If you tuned into C-SPAN earlier this month to watch lawmakers debate the much-anticipated Shaheen-Portman energy efficiency legislation (really, who wasn't glued to the coverage?), you may have thought you were watching a rerun of the health care debate.
You were. For the 42nd time. That's because Senator David Vitter (R-LA) brought the entire process to a standstill as he once again called for a vote to stop the national health care law.
“My amendment is not related to this bill," Vitter admitted after walking on the floor to rail on Obamacare. But that didn't stop the Senator from blocking consideration of any other amendments in the bipartisan efficiency bill until Senate leadership allows language eliminating insurance subsidies under the Affordable Care Act.
It was an immediate reversal of momentum for a bill with extraordinarily broad support from lawmakers and interest groups.
The Shaheen-Portman bill is a comprehensive plan that sets codes, targets and deployment programs for efficiency across government, the manufacturing sector and in commercial buildings. And because any new funding for programs would come from redirecting spending, not adding to the deficit, the bill has been hailed as the only major piece of energy legislation with any chance of passing in this session of Congress.
"No one was in opposition to the bill," said Rob Mosher, director of government relations at the Alliance to Save Energy. "It had broad political and stakeholder support, and there wasn’t any objection to the underlying bill."
Well, almost none. Two of the most aggressive political organizations on the right, the Heritage Foundation and Americans for Prosperity, encouraged lawmakers to vote no. But they stood in direct opposition to nearly every other stakeholder in the process. Efficiency is, in theory, an issue almost everyone can get behind.
To someone outside Washington, forcing delay on an extremely popular bill in order to issue a tirade on a controversial topic might seem silly. But to those who've worked in Washington for a while, it was business as usual.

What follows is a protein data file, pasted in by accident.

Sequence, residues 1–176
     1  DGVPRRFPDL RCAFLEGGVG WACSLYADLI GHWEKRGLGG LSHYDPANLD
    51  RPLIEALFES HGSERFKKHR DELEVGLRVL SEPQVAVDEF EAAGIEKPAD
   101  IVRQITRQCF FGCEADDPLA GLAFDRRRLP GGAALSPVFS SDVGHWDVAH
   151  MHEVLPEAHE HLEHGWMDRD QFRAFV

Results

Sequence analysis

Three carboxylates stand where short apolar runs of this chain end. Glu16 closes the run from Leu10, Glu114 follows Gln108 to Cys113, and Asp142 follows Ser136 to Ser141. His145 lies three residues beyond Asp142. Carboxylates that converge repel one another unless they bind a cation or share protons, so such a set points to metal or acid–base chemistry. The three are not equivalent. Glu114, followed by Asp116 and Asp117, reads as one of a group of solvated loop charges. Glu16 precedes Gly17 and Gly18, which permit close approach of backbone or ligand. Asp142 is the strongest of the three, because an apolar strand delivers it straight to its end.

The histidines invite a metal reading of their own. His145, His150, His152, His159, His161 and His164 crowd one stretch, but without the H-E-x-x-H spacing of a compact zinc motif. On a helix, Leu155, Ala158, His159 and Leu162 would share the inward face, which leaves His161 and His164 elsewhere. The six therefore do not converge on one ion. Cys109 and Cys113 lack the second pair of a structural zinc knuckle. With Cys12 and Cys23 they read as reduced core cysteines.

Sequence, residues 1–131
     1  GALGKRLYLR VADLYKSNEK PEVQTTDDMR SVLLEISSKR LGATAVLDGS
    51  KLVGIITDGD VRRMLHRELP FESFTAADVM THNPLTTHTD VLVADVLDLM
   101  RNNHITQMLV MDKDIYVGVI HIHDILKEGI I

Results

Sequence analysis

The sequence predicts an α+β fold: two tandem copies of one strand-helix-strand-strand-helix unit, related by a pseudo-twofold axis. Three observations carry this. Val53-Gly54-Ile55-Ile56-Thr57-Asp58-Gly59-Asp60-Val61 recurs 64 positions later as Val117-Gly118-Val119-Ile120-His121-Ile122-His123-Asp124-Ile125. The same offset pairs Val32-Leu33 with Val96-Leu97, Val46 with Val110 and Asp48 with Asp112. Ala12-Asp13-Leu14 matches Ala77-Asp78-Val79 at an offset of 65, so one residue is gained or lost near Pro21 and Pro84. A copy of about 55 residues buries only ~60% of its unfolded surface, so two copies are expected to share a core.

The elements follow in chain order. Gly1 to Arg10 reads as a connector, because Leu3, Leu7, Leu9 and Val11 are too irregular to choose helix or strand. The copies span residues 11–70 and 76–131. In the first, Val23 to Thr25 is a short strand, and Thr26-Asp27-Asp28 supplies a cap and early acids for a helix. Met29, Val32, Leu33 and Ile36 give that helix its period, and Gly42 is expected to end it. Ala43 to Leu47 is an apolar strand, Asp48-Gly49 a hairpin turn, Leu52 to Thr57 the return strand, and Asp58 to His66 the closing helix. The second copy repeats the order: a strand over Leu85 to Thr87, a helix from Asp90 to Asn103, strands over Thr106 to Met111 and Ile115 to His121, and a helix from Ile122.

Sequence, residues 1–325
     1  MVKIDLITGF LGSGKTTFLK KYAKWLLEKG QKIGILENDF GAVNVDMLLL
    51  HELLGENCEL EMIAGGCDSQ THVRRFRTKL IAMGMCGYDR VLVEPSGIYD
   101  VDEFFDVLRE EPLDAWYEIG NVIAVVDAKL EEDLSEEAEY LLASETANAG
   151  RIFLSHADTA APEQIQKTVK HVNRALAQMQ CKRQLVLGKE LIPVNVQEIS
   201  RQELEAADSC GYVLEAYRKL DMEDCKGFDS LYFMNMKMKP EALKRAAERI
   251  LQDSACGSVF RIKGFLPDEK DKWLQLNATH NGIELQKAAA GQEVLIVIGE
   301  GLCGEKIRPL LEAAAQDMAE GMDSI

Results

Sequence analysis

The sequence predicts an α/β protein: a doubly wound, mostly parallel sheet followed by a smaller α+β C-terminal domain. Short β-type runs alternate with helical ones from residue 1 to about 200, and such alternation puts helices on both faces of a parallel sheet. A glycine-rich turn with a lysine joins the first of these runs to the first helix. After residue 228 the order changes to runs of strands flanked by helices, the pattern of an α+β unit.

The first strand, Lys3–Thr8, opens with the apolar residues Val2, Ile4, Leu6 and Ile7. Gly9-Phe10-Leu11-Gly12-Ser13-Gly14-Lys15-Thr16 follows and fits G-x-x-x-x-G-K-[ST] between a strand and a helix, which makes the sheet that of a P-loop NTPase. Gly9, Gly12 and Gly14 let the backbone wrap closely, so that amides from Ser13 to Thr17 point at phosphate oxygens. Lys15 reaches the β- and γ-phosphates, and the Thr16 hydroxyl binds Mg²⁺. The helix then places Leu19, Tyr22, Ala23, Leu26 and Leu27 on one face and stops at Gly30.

"The manner in which bills are debated and approved has always been challenging. This is certainly no different," said Mosher. "We are disappointed, but it's the way the Senate has always worked."
Although the rules of the Senate allow such tactics, this case does have its own special drama.
Days after Vitter stopped all action on the Shaheen-Portman bill, Senate Democrats drafted an amendment stripping lawmakers of their health care premium subsidies if there was "probable cause" that they had solicited a prostitute. This was a direct jab at Vitter, who was caught up in a prostitution scandal in 2007.
Now Senate lawmakers are in a standoff as Vitter refuses to budge and Senate Majority Leader Harry Reid questions whether he'll allow a vote on the health care amendment. Meanwhile, other lawmakers await with their own added language that could further weigh down the bill.
So far, there have been more than 100 amendments drafted -- 38 directly tied to efficiency, twenty energy related, 25 for environmental or agricultural issues, and 25 that were completely unrelated. Aside from the Obamacare language, an amendment calling Keystone XL "in the national interest" was also a potential game-changer for the bill.
"There was a lack of agreement about the number of amendments from the start. If you keep that process open, members can continue to file amendments without any real parameters," said ASE's Mosher. "Now it's contingent on agreement about debate among leadership. It's a very subjective process."
And for now, that process has been delayed by a much more urgent showdown over the budget. Last week, the House of Representatives passed a plan that would fund the government past September 30 -- but only if funding for a national health care law is stripped. Since the plan is a nonstarter in the Democrat-controlled Senate, Congress only has six more days to agree on a plan before government agencies start shutting down. That has put an even deeper freeze on the Shaheen-Portman bill for now.
The debate over Obamacare helped derail the last major piece of climate and energy legislation in Congress -- and it looks like Obamacare could possibly derail the latest bill as well.
It's possible that Shaheen-Portman could come back up for consideration after the budget battle, but the chances of getting it passed have decreased substantially.
"We are just trying to support the efforts of the sponsors and the committees to advance the bill. It’s still in play, and we believe that it's not over," said Mosher.